Rx for addiction? North Dakota workers’ rate of opioid prescriptions 'consistently higher' than other states

BISMARCK -- Richard Landsberger's job at a dairy required him to repeatedly lift and stack milk crates. Decades of hefting 40-pound milk cases in a refrigerated storeroom took a toll on his body. He suffered debilitating injuries to both shoulder...
Richard Landsberger has been on opioid painkillers for years to treat chronic pain stemming from injuries he suffered while working for 38 years at a dairy. His job required him to lift and move 40-pound milk crates in a refrigerated storeroom. John Hageman / Forum News Service
Richard Landsberger has been on opioid painkillers for years to treat chronic pain stemming from injuries he suffered while working for 38 years at a dairy. His job required him to lift and move 40-pound milk crates in a refrigerated storeroom. John Hageman / Forum News Service

BISMARCK - Richard Landsberger’s job at a dairy required him to repeatedly lift and stack milk crates. Decades of hefting 40-pound milk cases in a refrigerated storeroom took a toll on his body. He suffered debilitating injuries to both shoulders, both arms, both knees and his back.

After more than a decade of struggling to meet the physical demands of his job, Landsberger was let go by his Bismarck employer in August because he no longer met the requirements for a job he’d held for 38 years.

To cope with chronic pain from his injuries, Landsberger had take, narcotic painkillers regularly since 2005 - a pharmaceutical crutch he fears has turned into an addiction.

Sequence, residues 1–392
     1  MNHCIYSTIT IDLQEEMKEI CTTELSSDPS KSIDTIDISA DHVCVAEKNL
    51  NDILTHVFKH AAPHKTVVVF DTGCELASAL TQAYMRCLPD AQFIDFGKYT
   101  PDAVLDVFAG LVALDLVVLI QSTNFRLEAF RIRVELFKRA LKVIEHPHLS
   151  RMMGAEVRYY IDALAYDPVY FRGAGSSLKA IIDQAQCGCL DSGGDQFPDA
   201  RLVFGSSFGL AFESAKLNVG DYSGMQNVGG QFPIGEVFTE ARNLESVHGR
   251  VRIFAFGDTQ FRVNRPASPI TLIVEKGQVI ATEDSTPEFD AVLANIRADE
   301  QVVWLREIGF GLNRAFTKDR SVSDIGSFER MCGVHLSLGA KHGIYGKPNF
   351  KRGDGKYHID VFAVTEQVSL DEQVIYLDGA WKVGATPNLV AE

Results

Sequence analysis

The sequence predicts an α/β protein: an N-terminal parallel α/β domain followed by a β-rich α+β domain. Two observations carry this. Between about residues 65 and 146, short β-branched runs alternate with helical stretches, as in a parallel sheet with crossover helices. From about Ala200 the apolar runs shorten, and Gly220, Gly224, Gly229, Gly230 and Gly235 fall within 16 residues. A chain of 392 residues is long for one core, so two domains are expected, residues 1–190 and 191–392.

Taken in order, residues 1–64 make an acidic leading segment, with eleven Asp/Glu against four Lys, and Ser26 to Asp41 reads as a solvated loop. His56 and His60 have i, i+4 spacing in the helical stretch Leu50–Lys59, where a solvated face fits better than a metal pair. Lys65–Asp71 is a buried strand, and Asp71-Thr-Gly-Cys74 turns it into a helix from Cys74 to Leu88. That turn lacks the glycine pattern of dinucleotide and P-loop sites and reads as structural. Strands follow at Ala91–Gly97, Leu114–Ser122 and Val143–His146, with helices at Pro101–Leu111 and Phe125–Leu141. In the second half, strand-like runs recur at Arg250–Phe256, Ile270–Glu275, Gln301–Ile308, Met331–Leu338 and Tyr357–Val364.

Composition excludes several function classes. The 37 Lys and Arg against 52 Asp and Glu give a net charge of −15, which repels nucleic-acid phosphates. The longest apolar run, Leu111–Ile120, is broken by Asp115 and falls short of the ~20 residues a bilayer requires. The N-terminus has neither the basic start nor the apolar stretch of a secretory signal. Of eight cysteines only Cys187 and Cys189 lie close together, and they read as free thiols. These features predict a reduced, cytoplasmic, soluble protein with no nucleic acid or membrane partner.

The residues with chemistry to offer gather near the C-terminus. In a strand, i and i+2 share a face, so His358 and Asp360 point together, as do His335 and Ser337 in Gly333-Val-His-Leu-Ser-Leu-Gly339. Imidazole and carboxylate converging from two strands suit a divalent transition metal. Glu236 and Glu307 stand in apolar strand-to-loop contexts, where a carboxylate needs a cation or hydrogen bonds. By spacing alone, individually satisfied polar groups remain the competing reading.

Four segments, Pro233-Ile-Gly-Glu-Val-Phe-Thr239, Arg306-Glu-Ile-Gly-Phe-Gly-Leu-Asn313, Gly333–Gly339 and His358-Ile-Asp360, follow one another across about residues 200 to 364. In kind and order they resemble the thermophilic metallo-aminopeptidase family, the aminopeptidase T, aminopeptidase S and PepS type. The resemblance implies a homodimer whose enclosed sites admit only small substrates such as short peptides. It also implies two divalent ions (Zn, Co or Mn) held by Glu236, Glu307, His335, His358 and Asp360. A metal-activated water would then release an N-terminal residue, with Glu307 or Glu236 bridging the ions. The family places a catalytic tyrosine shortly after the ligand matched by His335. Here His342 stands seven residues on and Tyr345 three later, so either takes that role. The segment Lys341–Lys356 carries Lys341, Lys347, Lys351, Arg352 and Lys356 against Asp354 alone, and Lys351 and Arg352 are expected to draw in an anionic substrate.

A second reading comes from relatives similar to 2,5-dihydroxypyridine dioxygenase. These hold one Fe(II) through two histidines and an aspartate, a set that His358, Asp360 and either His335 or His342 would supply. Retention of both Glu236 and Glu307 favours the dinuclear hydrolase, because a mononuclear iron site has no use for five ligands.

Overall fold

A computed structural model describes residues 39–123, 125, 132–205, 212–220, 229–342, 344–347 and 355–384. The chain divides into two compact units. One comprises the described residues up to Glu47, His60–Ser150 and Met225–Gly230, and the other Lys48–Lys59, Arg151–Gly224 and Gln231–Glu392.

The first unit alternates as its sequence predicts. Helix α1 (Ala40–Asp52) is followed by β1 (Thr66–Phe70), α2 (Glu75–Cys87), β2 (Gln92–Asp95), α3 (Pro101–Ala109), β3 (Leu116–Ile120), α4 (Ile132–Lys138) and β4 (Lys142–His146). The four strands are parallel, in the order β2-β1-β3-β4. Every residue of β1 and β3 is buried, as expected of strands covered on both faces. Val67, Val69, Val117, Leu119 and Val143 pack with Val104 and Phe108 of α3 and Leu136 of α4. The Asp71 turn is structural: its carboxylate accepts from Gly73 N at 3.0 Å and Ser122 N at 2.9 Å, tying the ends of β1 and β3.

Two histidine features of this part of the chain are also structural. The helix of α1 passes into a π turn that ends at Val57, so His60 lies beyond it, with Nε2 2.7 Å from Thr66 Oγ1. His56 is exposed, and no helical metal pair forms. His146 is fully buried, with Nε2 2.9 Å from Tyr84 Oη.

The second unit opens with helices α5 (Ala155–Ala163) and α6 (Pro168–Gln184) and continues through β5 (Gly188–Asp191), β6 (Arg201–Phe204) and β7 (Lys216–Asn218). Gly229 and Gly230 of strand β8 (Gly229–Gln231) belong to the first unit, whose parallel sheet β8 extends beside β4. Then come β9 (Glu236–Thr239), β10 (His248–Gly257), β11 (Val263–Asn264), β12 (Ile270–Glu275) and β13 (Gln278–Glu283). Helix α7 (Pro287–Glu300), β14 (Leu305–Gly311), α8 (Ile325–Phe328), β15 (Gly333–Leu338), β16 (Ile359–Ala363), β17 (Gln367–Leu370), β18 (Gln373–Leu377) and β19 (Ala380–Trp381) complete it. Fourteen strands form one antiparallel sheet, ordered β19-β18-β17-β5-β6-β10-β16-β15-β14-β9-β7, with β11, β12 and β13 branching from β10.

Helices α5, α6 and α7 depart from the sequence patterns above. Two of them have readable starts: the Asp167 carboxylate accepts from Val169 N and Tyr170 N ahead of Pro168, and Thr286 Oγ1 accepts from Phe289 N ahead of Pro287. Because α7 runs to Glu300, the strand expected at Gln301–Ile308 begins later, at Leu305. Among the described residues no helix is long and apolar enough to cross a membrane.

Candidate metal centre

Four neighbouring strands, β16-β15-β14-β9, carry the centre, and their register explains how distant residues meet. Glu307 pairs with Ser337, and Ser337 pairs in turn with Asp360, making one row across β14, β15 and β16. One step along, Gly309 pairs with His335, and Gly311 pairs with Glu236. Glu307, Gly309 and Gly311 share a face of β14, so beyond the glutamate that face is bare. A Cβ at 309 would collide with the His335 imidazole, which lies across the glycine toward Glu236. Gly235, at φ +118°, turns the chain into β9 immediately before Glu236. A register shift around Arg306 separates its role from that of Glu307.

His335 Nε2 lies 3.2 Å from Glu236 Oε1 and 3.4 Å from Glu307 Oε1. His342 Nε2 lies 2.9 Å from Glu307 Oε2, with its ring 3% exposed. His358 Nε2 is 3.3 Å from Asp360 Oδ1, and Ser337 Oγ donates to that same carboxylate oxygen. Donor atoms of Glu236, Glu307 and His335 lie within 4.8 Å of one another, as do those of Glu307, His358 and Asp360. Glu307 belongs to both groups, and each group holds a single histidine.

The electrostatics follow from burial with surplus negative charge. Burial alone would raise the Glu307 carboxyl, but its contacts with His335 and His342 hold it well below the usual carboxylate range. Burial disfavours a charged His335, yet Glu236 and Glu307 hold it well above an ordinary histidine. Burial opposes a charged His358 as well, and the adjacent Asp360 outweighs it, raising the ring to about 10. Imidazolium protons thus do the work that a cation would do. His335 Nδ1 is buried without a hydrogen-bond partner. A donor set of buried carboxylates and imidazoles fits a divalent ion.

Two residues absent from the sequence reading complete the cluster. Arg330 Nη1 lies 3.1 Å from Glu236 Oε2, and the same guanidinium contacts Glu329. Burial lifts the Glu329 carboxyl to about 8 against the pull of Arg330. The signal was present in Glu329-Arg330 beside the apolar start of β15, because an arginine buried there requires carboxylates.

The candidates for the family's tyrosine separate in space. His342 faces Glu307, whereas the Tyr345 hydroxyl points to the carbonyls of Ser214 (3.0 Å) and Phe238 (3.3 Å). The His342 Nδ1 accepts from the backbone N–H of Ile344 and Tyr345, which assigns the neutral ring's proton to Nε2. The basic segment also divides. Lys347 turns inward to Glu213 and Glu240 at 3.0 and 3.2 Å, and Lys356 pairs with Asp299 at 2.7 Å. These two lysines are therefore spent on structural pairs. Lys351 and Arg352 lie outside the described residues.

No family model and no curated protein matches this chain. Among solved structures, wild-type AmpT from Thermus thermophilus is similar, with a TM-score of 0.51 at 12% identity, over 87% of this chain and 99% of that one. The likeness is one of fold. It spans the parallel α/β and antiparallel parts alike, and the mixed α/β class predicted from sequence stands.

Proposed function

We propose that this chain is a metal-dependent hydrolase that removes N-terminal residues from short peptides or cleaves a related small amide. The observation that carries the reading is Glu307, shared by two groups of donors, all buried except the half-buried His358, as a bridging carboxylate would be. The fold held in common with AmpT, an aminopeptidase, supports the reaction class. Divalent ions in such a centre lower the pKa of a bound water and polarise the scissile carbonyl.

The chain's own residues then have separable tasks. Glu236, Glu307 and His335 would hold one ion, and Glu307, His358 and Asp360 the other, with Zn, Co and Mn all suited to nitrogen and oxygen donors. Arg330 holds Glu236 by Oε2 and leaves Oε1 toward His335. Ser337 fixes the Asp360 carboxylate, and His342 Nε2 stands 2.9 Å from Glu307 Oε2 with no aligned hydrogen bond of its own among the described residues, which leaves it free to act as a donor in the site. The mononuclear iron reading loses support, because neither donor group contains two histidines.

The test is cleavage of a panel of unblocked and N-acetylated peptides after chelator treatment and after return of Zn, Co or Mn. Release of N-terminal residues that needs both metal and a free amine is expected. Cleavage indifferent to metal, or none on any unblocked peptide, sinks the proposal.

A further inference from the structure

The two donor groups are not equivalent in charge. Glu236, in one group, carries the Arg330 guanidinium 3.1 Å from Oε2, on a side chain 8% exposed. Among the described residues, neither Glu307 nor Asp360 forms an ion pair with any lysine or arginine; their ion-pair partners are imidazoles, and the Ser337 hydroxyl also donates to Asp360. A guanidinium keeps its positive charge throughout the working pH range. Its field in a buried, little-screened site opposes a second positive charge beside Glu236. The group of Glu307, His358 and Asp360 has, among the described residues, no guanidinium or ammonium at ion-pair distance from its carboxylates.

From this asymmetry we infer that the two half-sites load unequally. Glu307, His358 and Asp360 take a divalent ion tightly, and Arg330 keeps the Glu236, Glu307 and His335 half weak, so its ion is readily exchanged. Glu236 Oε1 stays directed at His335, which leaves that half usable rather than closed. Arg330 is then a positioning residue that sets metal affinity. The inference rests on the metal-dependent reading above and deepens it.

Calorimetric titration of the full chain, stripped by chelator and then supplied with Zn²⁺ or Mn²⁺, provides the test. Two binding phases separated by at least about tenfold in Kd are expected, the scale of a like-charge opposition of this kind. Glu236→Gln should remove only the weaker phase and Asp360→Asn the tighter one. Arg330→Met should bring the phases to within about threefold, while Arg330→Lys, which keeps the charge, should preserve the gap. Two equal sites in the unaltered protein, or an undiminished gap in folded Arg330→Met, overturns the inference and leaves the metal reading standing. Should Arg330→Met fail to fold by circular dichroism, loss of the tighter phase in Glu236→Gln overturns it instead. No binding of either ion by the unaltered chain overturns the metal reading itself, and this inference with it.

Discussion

Landsberger, 59, believes his dependence on narcotics was exacerbated by Workforce Safety and Insurance, the North Dakota workers’ compensation program. He said the agency delayed an evaluation that would have demonstrated the need for lighter work duty, leaving him no choice but to take opioids to keep working.

Also, he said, his routine dosage of opioids was high enough that it masked his pain, making him unaware when he was injuring himself at work or aggravating old injuries.

“WSI ignored him, we feel, because he was working - yes, he was working while using opioids, which made his body numb, and I truly believe therefore that he kept getting injured,” said his wife, Marie.

Opioid use by workers covered by WSI has been scrutinized by a series of consultants’ evaluations dating back at least to 2010.

The evaluations concluded that opioid use among workers covered by WSI is “consistently higher” than comparison states, including South Dakota and Minnesota, as a percentage of all paid prescriptions since at least 2010, though the rate has declined in recent years.

As a percentage of all prescriptions dispensed to injured workers covered by WSI, opioids peaked at more than 45 percent in 2012 and 2013, but have since declined to 32.2 percent for the first 11 months of this year, according to WSI figures. Spending for opioids peaked in 2016 at $3.4 million. The number of narcotic prescriptions filled for injured workers topped out at 44,396 in 2012, but fell to 21,506 by 2017.

'This train wreck'

As a state-run insurance program for injured workers, WSI does not prescribe medicines but has policies and makes decisions to enable or refuse treatments.

“We believe that our efforts to address the overprescribing and abuse of opioid medications has contributed to this (downward) trend,” said WSI Director Bryan Klipfel, “but the overall awareness of this issue and the national exposure concerning proper dosing and duration of opioid medications certainly has had a large influence in prescribing patterns.”

Lawyers who represent injured workers said a common complaint is that workers are offered no alternatives to narcotic painkillers for chronic pain, or pain that persists for three months or more.

“Alternatives like acupuncture are not allowed,” said attorney Stephen Little, who represents Landsberger. “That doesn’t meet WSI’s standard.”